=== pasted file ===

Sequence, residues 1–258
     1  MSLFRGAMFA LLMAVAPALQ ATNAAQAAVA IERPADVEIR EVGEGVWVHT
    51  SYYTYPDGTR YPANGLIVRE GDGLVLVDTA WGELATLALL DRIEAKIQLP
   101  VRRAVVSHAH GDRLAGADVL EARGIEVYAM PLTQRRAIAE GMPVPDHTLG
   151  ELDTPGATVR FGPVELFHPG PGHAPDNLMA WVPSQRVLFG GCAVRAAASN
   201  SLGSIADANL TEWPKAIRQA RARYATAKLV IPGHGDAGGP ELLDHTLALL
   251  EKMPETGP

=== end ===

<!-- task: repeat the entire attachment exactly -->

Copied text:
Sequence, residues 1–258
     1  MSLFRGAMFA LLMAVAPALQ ATNAAQAAVA IERPADVEIR EVGEGVWVHT
    51  SYYTYPDGTR YPANGLIVRE GDGLVLVDTA WGELATLALL DRIEAKIQLP
   101  VRRAVVSHAH GDRLAGADVL EARGIEVYAM PLTQRRAIAE GMPVPDHTLG
   151  ELDTPGATVR FGPVELFHPG PGHAPDNLMA WVPSQRVLFG GCAVRAAASN
   201  SLGSIADANL TEWPKAIRQA RARYATAKLV IPGHGDAGGP ELLDHTLALL
   251  EKMPETGP